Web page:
Summary: The early stages of human brain development are mirrored in the brains of marsupials.
Researchers observed that the neural activity patterns in the Australian fat-tailed dunnart, a marsupial species, resemble those in the human brain during gestation.
These findings could help improve our understanding of neurodevelopmental disorders such as autism spectrum disorder (ASD). The marsupial brain development study also provides an unprecedented opportunity to delve into the earliest stages of brain evolution.
Marsupial brain development, which mostly occurs postnatally, is similar to human brain development in utero.
Researchers used light indicators to record the electrical activity of neurons in marsupial joeys, revealing distinct patterns.
The study suggests that subtle defects in these brain activity patterns could contribute to neurodevelopmental conditions like ASD.
Source: University of Queensland
University of Queensland research has revealed features of early human brain development are mimicked in the brains of marsupials.
Lead author Dr Rodrigo Suárez from UQ’s Queensland Brain Institute and School of Biomedical Sciences, said the finding could lead to a better understanding of brain patterns linked to neurodevelopmental conditions like autism spectrum disorder (ASD).
“Marsupials are mammals born at extremely early stages – the equivalent to mid-gestation in human terms,” Dr Suárez said.
“Most marsupial brain development happens postnatally, inside the mother’s pouch.
“Because of this, we’ve been able to study patterns of neural activity in the Australian native fat-tailed dunnart and found they’re similar to those in the human brain in utero.”
The research used light indicators to record the electrical activity of neurons in marsupial joeys.
“We followed the onset and maturation of complex activity patterns, using advanced microscopy to read how the joey’s developing brain cells first communicate,” Dr Suárez said.
“There were distinct patterns from the outset indicating not only that neural activity begins before sensory experience, but that unique electrical features in newborn cells might be crucial for the healthy establishment of brain connections.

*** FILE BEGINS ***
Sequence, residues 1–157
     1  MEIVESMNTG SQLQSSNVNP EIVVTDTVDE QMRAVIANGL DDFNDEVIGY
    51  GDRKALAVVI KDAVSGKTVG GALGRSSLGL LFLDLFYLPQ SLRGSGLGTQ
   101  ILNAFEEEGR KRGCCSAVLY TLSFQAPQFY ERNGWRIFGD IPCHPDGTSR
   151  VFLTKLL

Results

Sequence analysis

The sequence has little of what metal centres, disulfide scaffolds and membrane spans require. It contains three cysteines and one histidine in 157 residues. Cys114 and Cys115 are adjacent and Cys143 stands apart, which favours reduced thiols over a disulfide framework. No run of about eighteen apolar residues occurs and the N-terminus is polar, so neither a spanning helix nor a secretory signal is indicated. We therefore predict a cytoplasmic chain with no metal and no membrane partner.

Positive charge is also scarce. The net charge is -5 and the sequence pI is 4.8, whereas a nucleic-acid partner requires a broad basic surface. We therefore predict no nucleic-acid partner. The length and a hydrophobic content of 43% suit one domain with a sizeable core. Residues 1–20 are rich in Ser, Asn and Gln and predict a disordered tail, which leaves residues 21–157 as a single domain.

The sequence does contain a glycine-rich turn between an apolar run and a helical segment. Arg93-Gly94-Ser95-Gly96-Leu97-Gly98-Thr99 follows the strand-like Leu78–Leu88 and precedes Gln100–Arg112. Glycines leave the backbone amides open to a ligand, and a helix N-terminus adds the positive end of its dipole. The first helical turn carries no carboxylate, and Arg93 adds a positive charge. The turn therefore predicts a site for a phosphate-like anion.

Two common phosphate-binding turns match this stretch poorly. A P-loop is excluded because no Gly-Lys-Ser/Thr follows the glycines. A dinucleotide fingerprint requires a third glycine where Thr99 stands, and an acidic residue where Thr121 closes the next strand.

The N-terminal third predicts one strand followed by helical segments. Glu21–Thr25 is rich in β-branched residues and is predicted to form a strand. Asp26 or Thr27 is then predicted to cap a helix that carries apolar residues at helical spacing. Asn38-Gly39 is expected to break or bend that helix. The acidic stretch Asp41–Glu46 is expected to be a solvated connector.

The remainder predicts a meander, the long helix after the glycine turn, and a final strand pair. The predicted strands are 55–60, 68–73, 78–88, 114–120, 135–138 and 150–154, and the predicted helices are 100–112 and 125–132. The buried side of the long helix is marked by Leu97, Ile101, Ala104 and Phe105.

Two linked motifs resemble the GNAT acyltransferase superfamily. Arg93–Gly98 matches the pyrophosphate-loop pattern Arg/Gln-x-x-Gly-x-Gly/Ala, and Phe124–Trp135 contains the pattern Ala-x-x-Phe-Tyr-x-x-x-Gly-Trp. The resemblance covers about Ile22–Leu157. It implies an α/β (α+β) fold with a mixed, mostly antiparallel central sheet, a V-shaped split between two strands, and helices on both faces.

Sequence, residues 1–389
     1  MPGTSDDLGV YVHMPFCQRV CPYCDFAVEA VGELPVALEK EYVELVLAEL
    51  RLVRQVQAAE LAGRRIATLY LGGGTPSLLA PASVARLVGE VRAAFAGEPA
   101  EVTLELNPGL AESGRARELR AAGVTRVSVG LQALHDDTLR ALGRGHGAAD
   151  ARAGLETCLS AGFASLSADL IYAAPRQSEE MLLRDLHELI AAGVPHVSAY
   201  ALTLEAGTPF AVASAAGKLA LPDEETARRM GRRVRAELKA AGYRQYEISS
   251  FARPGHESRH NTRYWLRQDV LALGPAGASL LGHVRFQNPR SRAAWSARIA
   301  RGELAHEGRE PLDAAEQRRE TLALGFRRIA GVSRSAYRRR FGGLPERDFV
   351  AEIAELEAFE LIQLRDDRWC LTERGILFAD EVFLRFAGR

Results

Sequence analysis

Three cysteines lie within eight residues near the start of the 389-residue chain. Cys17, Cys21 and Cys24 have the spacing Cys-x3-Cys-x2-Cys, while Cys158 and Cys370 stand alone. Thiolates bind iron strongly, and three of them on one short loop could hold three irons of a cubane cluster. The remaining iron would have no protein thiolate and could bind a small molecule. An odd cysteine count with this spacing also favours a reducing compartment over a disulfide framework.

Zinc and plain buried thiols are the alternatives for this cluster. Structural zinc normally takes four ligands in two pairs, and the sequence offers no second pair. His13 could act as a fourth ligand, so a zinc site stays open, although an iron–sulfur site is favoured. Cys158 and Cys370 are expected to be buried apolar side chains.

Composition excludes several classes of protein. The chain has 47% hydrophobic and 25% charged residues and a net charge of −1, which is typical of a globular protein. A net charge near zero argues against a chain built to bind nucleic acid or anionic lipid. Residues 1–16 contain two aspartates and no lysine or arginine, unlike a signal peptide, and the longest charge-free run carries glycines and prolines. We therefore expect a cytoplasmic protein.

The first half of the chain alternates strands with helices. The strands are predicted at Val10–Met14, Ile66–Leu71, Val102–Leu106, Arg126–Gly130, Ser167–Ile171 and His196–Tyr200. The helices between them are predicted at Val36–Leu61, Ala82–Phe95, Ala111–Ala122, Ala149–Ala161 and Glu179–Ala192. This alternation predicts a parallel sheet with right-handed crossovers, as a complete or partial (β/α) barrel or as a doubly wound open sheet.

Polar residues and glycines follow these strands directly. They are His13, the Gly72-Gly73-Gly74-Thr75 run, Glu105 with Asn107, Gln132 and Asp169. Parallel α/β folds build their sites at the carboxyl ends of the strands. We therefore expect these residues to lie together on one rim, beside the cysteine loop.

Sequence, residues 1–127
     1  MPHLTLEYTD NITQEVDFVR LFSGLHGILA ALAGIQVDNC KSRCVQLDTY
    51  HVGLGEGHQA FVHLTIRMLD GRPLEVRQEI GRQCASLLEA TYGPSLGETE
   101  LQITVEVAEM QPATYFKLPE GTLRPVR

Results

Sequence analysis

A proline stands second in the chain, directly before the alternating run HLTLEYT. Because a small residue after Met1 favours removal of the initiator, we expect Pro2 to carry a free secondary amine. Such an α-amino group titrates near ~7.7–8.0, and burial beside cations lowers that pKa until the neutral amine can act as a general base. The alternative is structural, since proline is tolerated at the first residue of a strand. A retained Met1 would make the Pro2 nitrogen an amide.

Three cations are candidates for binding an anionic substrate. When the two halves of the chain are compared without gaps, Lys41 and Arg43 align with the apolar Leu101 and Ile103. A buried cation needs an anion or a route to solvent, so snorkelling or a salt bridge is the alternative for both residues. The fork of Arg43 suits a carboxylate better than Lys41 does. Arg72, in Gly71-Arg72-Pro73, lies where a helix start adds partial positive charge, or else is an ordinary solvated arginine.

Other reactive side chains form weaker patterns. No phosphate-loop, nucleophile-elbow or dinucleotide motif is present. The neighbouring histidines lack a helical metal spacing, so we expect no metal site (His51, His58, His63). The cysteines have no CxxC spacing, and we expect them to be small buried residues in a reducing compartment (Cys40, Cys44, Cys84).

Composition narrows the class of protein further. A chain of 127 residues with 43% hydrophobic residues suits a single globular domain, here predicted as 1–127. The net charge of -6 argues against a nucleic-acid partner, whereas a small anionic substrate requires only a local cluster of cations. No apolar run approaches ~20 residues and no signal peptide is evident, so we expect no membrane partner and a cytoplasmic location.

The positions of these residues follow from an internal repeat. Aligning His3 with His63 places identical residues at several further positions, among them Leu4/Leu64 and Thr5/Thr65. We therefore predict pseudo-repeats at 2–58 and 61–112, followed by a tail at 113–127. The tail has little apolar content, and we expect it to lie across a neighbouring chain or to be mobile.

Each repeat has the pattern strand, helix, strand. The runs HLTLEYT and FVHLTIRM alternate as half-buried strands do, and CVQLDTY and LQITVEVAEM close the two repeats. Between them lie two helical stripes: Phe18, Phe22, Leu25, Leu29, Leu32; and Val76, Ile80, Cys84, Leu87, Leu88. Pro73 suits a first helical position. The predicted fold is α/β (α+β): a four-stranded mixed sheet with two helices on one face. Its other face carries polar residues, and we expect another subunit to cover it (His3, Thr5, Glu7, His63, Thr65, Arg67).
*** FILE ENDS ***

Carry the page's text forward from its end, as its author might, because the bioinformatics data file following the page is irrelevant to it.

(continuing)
“Likewise, subtle defects in these patterns could lead to neurodevelopmental conditions like ASD.”
Dr Suárez said it was well established that human babies respond to stimulation well before birth.
“But exactly when, where and how electrical activity begins in the developing brain has remained largely unknown,” he said.
“This is mostly because only mammals have evolved a cerebral cortex – the wrinkly surface of our brains that controls sensory motor and cognitive tasks – and most experimental models can’t survive at such early stages outside the uterus.”
Dr Suárez said studying marsupials could help researchers go further back in brain evolution.
“These findings highlight early processes of brain development that arose millions of years ago, and are ongoing with little change, likely influencing the evolution and diversification of the cerebral cortex.”
Cortical activity emerges in region-specific patterns during early brain development
The development of precise neural circuits in the brain requires spontaneous patterns of neural activity prior to functional maturation. In the rodent cerebral cortex, patchwork and wave patterns of activity develop in somatosensory and visual regions, respectively, and are present at birth.
However, whether such activity patterns occur in noneutherian mammals, as well as when and how they arise during development, remain open questions relevant for understanding brain formation in health and disease.
Since the onset of patterned cortical activity is challenging to study prenatally in eutherians, here we offer an approach in a minimally invasive manner using marsupial dunnarts, whose cortex forms postnatally.
We discovered similar patchwork and travelling waves in the dunnart somatosensory and visual cortices at stage 27 (equivalent to newborn mice) and examined earlier stages of development to determine the onset of these patterns and how they first emerge.
We observed that these patterns of activity emerge in a region-specific and sequential manner, becoming evident as early as stage 24 in somatosensory and stage 25 in visual cortices (equivalent to embryonic day 16 and 17, respectively, in mice), as cortical layers establish and thalamic axons innervate the cortex.
In addition to sculpting synaptic connections of existing circuits, evolutionarily conserved patterns of neural activity could therefore help regulate other early events in cortical development.